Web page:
How ER Nurses Work

The Workforce
"What, me retire? Fat chance!"
"What, me retire? Fat chance!"
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In 2001, a federal study predicted a nursing shortage by 2010 and a severe shortage by 2020. Nursing shortages occur on a cyclical basis, but the fear was that this time would be different and the shortfalls might be permanent. The authors outlined numerous contributing factors: increasing demand for nurses, an aging workforce, a wider variety of professional options for younger people and falling enrollment in nursing programs [source: Schriver].

While the nursing profession in particular, and the medical community in general, fretted about the looming crisis, prospective nurses saw opportunities — they certainly wouldn't have any difficulty getting hired, and they would be able to pick and choose the positions they wanted.

In 2005, psychologist Philip Tetlock demonstrated in his book "Expert Political Judgment" that, in general, when experts try to predict the future, their predictions tend to be wrong as often as they're right. This turned out to be the case with the feared nursing shortage. Instead of a shortfall, we have a glut. As of September 2014, there were 500,000 morenurses than we expected to have back in 2001 [source: Staiger et al.]. Why? For one thing, enrollment increased. Responding to the gloomy forecast, and anticipating easy employment, more students entered nursing programs — but not enough to explain the glut. The big reason was that older nurses weren't retiring as expected.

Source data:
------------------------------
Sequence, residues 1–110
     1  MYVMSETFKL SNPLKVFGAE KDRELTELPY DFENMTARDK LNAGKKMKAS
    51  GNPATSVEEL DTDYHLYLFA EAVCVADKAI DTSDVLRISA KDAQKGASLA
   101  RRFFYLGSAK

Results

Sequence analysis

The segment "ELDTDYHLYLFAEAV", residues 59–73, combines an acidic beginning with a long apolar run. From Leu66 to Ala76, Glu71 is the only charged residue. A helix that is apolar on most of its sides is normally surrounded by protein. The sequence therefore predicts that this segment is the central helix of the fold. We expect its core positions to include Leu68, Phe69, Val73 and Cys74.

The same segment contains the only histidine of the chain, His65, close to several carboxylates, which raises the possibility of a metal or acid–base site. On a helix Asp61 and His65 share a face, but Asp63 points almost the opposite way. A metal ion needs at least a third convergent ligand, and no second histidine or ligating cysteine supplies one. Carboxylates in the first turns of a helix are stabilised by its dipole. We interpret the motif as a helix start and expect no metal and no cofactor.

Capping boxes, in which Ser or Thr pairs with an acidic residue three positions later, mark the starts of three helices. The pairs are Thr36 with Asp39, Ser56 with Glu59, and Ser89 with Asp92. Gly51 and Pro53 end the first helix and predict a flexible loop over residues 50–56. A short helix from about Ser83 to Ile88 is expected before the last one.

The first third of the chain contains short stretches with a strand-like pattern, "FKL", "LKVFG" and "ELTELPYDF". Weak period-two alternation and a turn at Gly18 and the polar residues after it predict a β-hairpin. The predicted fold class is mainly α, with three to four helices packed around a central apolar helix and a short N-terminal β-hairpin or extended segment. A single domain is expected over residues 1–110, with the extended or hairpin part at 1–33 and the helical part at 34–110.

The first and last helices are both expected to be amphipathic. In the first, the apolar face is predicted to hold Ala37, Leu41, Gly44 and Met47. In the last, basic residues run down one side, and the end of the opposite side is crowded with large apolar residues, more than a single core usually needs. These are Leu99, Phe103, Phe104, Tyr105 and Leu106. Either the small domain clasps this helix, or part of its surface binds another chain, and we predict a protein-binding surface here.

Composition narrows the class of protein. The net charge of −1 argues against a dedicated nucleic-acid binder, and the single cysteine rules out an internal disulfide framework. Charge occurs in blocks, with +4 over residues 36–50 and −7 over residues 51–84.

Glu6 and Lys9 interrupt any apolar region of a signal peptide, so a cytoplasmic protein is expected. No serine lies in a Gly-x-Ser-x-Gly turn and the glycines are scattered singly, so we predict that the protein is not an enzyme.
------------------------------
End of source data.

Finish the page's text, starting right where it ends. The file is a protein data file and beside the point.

As many baby boomers turned 65, they just kept working. It turns out that this phenomenon isn't limited to the nursing profession; plenty of boomers aren't ready to close out their careers yet. With longer life expectancies and better health outlooks, many are choosing to keep on trucking. Some might be trying to augment their eventual retirement funds, while some might still be putting kids through college, and others might simply love their job too much to give it up.

But they will have to retire eventually, and with predictions that the available RN jobs will jump from 2.7 million in 2012 to 3.2 million in 2022, the numbers can't be fudged [source: U.S. Department of Labor]. There will be a nursing shortage in the coming years. It's not a question of if, just when.

Author's Note: How ER Nurses Work

In researching this article I came across the story of a New York City emergency nurse named Lindsey Hallen who was preparing to go to into the Ebola zone in Africa. Offered a last-minute choice between a post as a safety instructor in Liberia or a front-line position in Sierra Leone, she hesitated only briefly before choosing the more dangerous job. As her father remarked, she has the personality of a firefighter who runs into a burning building as everybody else runs out. Good thing such people exist.

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